The most effective investments are backed not only by data, but also by a thorough understanding of how those initiatives will play out at the tip of the spear, where employees and customers interact.
Related Article: Embracing the Era of Deep, Small Data
Step 3: Manage a Portfolio of Activities that Drive Scorecard Measures
After determining the biggest drivers of value across the Balanced Scorecard, those activities must get the resources they need and be optimized so they deliver value to customers and other stakeholders. The key to moving from metrics to building a Value Framework is to focus leadership attention and competency on its mechanisms for resource allocation — how it funds and staffs strategic initiatives. Do this by using the drivers as lenses through which leadership evaluates projects or initiatives requesting funding. We use a project prioritization tool — highlighted in a recent Forrester report (membership or purchase required) — as part of any strategic roadmap exercise to ensure we’re looking at customer or employee value as well as operational or financial value.
This kind of tool would prevent an implementation that might save the company millions but then results in a degraded experience, leading to higher churn. Conversely, the process might fund an effort to improve onboarding with proactive emails and outreach phone calls that dramatically improve the experience, reduce subsequent support calls, and increase retention by 25%.
The results will be felt in the finance department, and the CX lead will be equipped to draw a connection from CX value to the organization’s profitability.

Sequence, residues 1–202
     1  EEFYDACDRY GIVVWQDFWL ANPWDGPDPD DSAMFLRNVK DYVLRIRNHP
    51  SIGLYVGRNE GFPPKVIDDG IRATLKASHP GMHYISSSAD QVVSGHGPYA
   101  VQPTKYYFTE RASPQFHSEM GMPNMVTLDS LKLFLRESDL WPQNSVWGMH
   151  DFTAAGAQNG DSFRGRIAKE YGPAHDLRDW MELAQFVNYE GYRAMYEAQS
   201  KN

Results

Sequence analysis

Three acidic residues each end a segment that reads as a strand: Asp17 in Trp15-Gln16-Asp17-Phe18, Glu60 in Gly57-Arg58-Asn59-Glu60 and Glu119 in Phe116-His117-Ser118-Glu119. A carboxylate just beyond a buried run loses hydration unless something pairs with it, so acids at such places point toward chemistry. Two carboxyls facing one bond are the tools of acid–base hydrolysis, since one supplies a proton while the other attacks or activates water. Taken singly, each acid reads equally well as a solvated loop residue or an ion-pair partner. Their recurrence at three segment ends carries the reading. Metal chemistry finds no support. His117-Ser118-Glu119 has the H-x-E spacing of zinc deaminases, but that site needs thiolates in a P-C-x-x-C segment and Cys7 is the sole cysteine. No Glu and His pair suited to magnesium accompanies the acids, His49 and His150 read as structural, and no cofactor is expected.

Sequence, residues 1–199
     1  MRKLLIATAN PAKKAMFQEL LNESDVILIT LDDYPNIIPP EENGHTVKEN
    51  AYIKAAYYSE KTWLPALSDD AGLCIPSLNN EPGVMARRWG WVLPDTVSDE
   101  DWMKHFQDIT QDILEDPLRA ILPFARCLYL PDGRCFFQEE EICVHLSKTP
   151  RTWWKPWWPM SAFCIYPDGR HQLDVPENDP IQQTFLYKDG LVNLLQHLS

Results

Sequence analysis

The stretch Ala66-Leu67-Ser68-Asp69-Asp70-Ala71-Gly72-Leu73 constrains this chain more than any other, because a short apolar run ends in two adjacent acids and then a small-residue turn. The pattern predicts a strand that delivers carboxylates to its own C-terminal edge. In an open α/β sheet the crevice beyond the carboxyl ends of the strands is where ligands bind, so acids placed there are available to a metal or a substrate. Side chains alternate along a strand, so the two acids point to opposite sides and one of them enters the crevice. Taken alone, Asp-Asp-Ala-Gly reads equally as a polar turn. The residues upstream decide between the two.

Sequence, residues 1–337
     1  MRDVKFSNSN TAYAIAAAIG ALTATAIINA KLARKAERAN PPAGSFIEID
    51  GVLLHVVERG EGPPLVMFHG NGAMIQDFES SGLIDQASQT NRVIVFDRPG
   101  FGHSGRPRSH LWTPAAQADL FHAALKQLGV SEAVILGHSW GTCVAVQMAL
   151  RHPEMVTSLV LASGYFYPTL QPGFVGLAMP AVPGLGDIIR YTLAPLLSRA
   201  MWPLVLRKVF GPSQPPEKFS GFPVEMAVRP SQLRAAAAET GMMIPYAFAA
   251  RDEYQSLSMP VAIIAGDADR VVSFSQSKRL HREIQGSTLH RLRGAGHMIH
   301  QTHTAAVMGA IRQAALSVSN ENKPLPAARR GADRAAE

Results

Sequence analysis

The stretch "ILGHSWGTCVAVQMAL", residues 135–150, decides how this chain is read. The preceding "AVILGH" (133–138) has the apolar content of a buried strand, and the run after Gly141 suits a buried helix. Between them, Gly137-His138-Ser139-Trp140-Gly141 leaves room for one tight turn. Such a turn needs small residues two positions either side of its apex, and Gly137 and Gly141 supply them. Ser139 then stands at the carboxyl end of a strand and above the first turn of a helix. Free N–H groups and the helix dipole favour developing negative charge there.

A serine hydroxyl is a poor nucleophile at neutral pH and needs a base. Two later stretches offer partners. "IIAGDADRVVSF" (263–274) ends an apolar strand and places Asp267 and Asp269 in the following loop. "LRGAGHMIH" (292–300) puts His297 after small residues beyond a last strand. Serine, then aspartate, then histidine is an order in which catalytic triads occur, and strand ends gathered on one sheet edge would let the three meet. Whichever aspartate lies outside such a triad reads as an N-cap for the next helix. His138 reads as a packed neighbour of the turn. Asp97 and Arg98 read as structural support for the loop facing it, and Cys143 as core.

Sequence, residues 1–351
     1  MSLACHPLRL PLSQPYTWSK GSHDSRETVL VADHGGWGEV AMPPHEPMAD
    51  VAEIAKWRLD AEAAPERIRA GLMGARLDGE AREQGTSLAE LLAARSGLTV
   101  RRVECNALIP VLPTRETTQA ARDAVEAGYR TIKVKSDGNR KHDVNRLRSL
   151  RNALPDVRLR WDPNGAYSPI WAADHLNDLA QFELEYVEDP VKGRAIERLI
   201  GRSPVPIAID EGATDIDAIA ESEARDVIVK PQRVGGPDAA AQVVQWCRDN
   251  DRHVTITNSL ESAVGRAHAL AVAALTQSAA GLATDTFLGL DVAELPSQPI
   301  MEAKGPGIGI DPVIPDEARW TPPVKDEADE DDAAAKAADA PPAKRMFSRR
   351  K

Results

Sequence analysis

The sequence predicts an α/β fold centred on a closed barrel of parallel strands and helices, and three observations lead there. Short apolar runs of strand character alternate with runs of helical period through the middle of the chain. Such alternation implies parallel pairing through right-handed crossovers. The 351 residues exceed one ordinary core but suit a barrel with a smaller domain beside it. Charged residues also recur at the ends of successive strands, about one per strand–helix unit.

Related Article: How to Convince Your CFO to Invest in Customer Experience
Step 4: Build on Capabilities that Create Differentiation
In the essay "How will you measure your life?" author Clayton Christensen wrote that a “company’s strategy is determined by the types of initiatives that management invests in. If a company’s resource allocation process is not managed masterfully, what emerges from it can be very different from what management intended.”
This is the fundamental rationale for identifying metrics that connect to the activities most likely to drive toward the organization’s core strategy. For CX professionals, driving core strategy means focusing on the capabilities that will attract the most valuable customers and convincing them to pay the prices that are most profitable.
Using a Balanced Scorecard and Value Framework to connect key metrics to CX-improvement activities allows CX professionals to focus on the capabilities that will build on that differentiation in a way that’s apparent in key metrics across the organization.
Connecting the Strategic Dots
For one reason or another, leaders at many firms fail to connect operational, financial, customer and employee experience. Projects that look myopically at operational metrics don’t move the needle on improving customer experience scores. At Houston Airport, for example, leadership made operational improvements that reduced baggage-claim wait time in half, yet had zero impact on customer complaints.
Or the opposite may be true: the CX professional’s myopic focus on improving NPS may be driving up costs, which is a problem for the CFO, who then demands spending reductions that offset whatever gains the CX leader was making on NPS.
In either case, the solution starts with identifying the activities that will drive operational, financial and CX improvement. For the CX professional, that means zeroing in on the initiatives that both increase customer loyalty and show up in the metrics that COOs and CFOs value.
Using a framework and balanced scorecard, business leaders can see the totality of CX — from enterprise value, to drivers, to capabilities — and strategically connect the dots in ways that will allow their CX efforts to reach their full potential.